An Antiquarian's Tale

Clinton Howell Antiques - September 18, 2017 - Issue 7
An Appreciation of English Antique Furniture
A semi biographical journey of my life in the English Decorative Arts

 

The summer of 1973 was English, that is to say that there were very few warm days. However, it was notable because I met Richard Holley, an American designer living in London, whose primary work at that time was in creating the deisgns for special events. Richard's style was deliberate, demonstrative and declarative. If you have never heard anyone say opulence pronouncing every letter, then you haven't met Richard. My brother and I ended up being the manufacturers for many of the items used in Richard's events, most of them parties for the then newish firm, Party Planners. The best thing for my brother and I was that Richard convinced Zandra Rhodes to allow us to use her new house for a workshop, albeit for a short time as both my brother and I were still attending classes. In any case, we helped Richard with a great number of parties in all sorts of venues such as the Hyde Park Hotel (now the Mandarin Oriental), the Dorchester, Asprey's, the Grand Hotel in Brighton, the Orangery in Holland Park, the Father Thames river cruiser and a great many more. One of the most celebrated party was Mick Jagger's thirtieth held at David Mlinaric's house in Chelsea. David, a superb interior designer, came into my shop about fifteen years ago and I related the fact that I had been part of the crew setting up that party. He didn't attend that party as he had just flown in from South Africa, but he told me that the art professor that lived above him had so liked what the garden in the back looked like that he made a painting of it. Apparently, Mr. Jagger liked the painting and wanted to buy it, but the professor also liked it and wouldn't sell it. Alas, you can't always get what you want.

What did this have to do with antiques? In a way, it had very little to do with antiques and yet in another way, it had quite a bit to do with my education. Richard's taste for opulence was based on an essential understanding of the classical and baroque repertoires. It was our job, with his assistance, to translate many of his ideas into a scale that worked visually. My brother, David, was a natural at this and I learned through trial and error. After a while, it becomes second nature, so much so that you want to break the bounds of convention and try to expand the scale to see if you can get away with non-conventional scaling. If you apply this thinking to the interior of cathedrals, you will understand just how dramatic the elongation of objects can be. Obviously, the height of a cathedral almost demands such elongation, but take the object out of it and it changes dramatically. I think about this whenever I see a Frank Lloyd Wright room--so cozy and snug on the one hand, but because the ceiling is usually so low, the objects, when outside a Wright room, look stunted. No, the time we spent with Richard (now an exlclusve and somewhat reclusive designer living in Houston) was extremely informative.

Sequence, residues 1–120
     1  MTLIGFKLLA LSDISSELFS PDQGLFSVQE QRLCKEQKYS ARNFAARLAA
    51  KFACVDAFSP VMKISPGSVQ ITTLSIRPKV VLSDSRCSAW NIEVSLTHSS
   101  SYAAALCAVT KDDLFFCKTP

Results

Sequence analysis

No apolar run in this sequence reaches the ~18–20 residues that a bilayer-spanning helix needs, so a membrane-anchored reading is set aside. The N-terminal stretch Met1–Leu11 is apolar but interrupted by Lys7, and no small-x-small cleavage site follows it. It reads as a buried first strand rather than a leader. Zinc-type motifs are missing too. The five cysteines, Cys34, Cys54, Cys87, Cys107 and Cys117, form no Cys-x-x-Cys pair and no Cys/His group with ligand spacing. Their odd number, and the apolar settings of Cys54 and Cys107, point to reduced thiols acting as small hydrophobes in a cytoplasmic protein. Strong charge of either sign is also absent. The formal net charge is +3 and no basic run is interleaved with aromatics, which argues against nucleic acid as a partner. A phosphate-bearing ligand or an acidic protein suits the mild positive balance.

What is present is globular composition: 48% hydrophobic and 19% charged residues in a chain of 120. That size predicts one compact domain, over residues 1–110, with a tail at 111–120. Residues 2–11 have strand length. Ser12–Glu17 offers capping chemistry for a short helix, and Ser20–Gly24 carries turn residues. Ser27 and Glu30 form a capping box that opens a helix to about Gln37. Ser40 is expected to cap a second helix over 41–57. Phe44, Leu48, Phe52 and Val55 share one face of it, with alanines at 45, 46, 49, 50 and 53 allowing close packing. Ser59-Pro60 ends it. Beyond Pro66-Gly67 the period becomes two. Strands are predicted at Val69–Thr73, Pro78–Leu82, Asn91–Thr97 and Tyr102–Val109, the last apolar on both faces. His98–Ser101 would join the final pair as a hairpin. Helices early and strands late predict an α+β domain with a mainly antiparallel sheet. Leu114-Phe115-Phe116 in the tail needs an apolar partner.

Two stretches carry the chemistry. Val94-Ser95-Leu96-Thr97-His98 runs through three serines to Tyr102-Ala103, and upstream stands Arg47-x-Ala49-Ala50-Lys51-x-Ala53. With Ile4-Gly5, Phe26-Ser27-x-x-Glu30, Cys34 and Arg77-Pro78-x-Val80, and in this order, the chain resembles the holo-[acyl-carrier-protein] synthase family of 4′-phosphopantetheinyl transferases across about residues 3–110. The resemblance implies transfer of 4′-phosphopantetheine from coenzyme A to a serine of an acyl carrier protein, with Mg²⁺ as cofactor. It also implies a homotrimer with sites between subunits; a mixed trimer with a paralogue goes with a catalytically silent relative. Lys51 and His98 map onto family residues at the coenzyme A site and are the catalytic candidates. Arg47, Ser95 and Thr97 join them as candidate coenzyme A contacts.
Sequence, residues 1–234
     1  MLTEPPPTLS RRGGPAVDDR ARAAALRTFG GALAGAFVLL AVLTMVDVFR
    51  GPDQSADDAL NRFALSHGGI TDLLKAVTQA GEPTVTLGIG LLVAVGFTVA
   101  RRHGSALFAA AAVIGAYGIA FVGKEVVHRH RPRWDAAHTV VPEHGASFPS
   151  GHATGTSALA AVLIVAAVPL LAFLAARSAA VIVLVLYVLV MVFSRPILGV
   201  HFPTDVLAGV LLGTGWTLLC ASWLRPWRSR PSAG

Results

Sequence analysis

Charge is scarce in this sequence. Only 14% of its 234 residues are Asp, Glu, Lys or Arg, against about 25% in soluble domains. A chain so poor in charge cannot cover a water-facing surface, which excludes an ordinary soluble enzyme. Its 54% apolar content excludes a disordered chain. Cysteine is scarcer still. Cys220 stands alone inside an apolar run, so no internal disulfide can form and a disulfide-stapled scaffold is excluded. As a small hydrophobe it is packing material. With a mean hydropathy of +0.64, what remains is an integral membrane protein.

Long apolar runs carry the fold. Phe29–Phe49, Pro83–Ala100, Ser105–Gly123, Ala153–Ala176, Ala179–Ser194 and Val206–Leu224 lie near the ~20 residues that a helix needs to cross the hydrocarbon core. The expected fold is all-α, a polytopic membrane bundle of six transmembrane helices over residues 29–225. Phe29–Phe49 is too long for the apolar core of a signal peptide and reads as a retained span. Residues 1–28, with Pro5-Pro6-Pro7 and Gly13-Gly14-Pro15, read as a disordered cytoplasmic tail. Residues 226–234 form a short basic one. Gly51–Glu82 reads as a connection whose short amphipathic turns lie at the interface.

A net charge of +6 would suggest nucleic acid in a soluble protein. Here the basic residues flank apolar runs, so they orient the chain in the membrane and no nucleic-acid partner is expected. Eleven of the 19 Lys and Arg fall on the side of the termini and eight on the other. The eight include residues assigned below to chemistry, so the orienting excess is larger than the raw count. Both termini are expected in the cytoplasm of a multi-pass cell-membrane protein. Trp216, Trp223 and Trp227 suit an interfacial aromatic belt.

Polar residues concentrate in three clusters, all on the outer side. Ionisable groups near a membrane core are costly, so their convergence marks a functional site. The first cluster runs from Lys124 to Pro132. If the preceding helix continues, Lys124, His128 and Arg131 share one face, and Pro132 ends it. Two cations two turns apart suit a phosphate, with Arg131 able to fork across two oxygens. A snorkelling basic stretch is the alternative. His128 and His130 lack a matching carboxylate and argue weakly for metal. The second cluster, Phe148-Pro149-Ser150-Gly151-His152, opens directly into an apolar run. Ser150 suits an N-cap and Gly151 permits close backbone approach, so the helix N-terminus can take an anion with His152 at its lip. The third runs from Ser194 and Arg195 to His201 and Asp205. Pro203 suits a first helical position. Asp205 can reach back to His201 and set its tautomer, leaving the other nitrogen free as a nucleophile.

Looking at Furniture
 
Rather than focus on a piece of furniture, I thought I would focus on this pair of Gothic pricket sticks which epitomize what I referred to in the above article in re to scale. A little background is helpful to understand why these were made. 

Gothic, known as "Gothick" in its first revival in the 1750's was considered quaint and decorative. Furniture and romantic outdoor follies for the garden were fairly common and a few home owners went further to create Gothick libraries and even Gothick style houses. However, in the early 19th century, the overtones of Gothic (the "k" was lost by then) were more conservative with the belief that Gothic was representative of the true English character. Augustus Welby Pugin, who designed the houses of Parliament was one of the prime movers of this canard. Pugin, a Catholic, felt that Gothic style churches and architecture would lead England back to the true faith (imported from Rome, paradoxically, the first home of the major neo-classical movement) and so he did his best to spread the style as far and wide as he could. 

Gothic style items for the home, many in the lighting field, but also in furniture, became fairly common. This pair of sticks are extremely fine quality with superbly chased mercury gilding (chasing is, essentially,  the detailing of metalwork). As you can see, the sticks, which are about 30" high, literally elevate the eye upwards with a series of elongated decorative (Gothic) details. Indeed, it is the quality of the craftsmanship that leads me to believe that these were made for a home, where they could be seen closely and fully appreciated rather than for an altar which would be just too far away to be clearly seen.

The photograph below is from an exhibition at the Met Breuer of Ettore Sottsass (1917-2007) who was called a "design radical" for his offbeat compositions such as this cabinet. Having referenced Gothic in the sticks above and the elongation affect, I thought this cabinet a wonderful counterpoint to what design in the 20th (and, let's hope, the 21st) century was about--FUN. This cabinet is what I would call an inside joke on a number of different levels, the most obvious being the ornate gilded doors opening at the base of the cathedral, which lies on its side. The variety of references about God and money are obvious, but Sottsass is foremost a designer and in this case, he is tweaking the design community. He is basically saying that nothing has to be as it is, everything is up for rearrangement. I strongly recommend a visit to the exhibition. Eighteenth century furniture is without compare, but a good joke is always a good joke.